Staff Exposure to Pulsed Magnetic Fields During Depression Treatment with Transcranial Magnetic Stimulation
Mollerlokken OJ; Stavang H; Hansson Mild K. Institution Mollerlokken, Ole Jacob. a Occupational and Environmental Medicine, University of Bergen, Norway. Stavang, Helen. b Health, Safety and Environment Center, Haukeland University Hospital, Norway. Hansson Mild, Kjell. c Department of Radiation Sciences, Umea University, Sweden.
International Journal of Occupational Safety & Ergonomics. 23(1):139-142, 2017 Mar.
Transcranial magnetic stimulation or repetitive transcranial magnetic stimulation (TMS/rTMS) are currently used in research and treatments of diseases of the central nervous system, such as recurring depression. Strong electric pulses are used to produce strong pulsed magnetic fields that are directed to the patient’s cerebral cortex where the fields induce electric pulses. The pulses may be causing unnecessary exposure of the staff.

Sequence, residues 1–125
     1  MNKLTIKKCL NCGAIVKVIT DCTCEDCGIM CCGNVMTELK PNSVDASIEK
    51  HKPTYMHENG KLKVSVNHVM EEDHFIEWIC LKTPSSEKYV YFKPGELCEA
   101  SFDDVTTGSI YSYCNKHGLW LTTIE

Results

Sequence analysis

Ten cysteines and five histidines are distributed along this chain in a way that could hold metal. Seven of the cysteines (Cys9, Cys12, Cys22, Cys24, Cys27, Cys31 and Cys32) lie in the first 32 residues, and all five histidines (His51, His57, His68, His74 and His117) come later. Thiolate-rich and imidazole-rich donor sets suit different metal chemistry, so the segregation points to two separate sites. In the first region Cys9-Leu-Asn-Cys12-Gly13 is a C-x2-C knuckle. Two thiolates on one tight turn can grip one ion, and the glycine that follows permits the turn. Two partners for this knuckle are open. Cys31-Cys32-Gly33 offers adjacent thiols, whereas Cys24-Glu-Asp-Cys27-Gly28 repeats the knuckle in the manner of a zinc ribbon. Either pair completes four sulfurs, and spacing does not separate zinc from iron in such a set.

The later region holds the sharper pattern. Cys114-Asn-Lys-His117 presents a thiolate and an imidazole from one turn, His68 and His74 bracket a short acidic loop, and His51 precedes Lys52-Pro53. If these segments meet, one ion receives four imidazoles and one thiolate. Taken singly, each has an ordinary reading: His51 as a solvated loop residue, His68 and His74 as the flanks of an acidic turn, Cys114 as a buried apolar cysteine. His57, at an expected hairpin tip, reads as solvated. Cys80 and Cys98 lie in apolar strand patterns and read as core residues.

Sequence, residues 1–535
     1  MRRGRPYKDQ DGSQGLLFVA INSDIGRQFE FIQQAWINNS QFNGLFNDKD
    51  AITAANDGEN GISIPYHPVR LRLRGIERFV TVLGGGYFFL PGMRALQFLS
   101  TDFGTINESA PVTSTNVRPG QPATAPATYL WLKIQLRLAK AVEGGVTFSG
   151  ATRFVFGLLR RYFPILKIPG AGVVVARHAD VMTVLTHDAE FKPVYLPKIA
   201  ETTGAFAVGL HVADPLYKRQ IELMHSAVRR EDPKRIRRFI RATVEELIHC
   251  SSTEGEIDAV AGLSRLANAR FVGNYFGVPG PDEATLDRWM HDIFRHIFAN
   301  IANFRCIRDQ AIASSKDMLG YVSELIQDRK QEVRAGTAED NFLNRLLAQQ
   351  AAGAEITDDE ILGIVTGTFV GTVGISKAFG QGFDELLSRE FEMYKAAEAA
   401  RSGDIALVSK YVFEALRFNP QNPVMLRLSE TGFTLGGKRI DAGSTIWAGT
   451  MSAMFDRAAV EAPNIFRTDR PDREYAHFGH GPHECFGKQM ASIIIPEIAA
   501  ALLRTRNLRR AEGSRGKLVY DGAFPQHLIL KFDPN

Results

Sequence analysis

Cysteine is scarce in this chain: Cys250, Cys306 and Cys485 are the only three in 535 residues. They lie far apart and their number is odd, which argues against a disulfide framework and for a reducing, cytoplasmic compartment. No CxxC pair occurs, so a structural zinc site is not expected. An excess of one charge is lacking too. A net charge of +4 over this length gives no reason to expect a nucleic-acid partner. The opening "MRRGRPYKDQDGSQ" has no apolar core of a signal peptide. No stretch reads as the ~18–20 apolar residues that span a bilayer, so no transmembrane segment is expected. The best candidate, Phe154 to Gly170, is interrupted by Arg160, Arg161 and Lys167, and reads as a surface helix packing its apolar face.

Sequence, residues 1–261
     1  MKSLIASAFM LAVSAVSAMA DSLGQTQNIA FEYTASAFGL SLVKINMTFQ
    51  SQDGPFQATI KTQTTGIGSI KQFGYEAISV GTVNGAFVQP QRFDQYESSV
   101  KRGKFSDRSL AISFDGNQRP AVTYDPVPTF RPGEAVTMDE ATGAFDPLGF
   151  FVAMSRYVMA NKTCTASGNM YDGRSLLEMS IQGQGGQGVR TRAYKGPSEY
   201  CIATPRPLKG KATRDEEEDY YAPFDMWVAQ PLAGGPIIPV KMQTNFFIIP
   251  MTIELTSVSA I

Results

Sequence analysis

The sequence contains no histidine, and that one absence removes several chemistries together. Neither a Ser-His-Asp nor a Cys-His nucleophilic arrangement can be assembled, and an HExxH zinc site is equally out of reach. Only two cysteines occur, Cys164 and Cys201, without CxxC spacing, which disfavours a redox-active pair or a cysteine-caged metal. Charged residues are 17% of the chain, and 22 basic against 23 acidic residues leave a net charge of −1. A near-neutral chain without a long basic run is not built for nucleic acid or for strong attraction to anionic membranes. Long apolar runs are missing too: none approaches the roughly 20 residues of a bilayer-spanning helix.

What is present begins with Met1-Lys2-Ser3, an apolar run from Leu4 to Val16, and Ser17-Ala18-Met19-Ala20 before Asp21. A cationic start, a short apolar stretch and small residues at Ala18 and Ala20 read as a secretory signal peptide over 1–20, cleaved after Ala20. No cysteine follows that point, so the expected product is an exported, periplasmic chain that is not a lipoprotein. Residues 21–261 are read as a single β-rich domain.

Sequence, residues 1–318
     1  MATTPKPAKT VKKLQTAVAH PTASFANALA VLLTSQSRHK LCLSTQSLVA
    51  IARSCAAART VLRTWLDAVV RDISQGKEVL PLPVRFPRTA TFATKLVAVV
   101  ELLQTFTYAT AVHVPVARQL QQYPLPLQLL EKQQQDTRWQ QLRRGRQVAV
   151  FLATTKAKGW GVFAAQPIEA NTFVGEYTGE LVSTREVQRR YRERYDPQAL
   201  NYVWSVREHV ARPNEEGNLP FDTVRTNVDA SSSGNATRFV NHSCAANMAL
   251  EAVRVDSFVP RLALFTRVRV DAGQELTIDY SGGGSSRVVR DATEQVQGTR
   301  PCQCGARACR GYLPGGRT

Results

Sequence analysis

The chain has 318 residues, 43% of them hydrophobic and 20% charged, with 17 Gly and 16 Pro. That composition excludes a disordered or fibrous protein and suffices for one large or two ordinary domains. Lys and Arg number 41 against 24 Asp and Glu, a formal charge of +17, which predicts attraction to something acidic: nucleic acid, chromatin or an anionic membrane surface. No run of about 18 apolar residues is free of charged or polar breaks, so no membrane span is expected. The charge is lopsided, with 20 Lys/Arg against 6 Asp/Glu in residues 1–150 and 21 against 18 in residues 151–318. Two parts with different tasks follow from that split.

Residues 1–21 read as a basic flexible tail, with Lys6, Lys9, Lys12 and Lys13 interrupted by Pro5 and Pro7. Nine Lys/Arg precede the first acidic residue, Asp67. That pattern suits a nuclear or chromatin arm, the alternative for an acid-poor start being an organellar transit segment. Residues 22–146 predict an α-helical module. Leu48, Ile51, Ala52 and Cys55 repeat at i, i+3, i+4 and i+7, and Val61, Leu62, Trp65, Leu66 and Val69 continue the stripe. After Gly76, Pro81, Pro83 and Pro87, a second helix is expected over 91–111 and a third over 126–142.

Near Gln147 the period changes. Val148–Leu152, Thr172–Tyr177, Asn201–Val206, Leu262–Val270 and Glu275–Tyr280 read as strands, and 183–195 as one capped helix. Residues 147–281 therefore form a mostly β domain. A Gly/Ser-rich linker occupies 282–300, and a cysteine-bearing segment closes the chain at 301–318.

The MagVenture TMS/rTMS system was investigated, without patient presence, through measurements of magnetic field pulses at varying distances from the emitting coil and different power settings (94-127 A/s).
Fourteen measurements were done which displayed exposures exceeding the given guidelines up until a distance of 40 cm from the transmitting coil.
The study shows that the exposure of staff in this type of treatment may exceed the given guidelines for occupational exposure, thus confirming previous findings. This necessitates good routines in information and treatment procedures to avoid this exposure.